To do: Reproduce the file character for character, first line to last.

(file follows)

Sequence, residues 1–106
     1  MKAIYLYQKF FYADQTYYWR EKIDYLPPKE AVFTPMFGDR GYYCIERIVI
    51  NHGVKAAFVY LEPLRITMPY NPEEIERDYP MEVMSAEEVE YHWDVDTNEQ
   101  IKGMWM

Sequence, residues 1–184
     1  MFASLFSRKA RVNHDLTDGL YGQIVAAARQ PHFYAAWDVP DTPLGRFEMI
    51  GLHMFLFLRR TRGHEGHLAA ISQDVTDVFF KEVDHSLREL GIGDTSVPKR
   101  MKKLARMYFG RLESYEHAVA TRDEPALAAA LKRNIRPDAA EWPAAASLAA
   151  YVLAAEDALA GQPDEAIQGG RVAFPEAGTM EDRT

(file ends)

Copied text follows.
Sequence, residues 1–106
     1  MKAIYLYQKF FYADQTYYWR EKIDYLPPKE AVFTPMFGDR GYYCIERIVI
    51  NHGVKAAFVY LEPLRITMPY NPEEIERDYP MEVMSAEEVE YHWDVDTNEQ
   101  IKGMWM

Sequence, residues 1–184
     1  MFASLFSRKA RVNHDLTDGL YGQIVAAARQ PHFYAAWDVP DTPLGRFEMI
    51  GLHMFLFLRR TRGHEGHLAA ISQDVTDVFF KEVDHSLREL GIGDTSVPKR
   101  MKKLARMYFG RLESYEHAVA TRDEPALAAA LKRNIRPDAA EWPAAASLAA
   151  YVLAAEDALA GQPDEAIQGG RVAFPEAGTM EDRT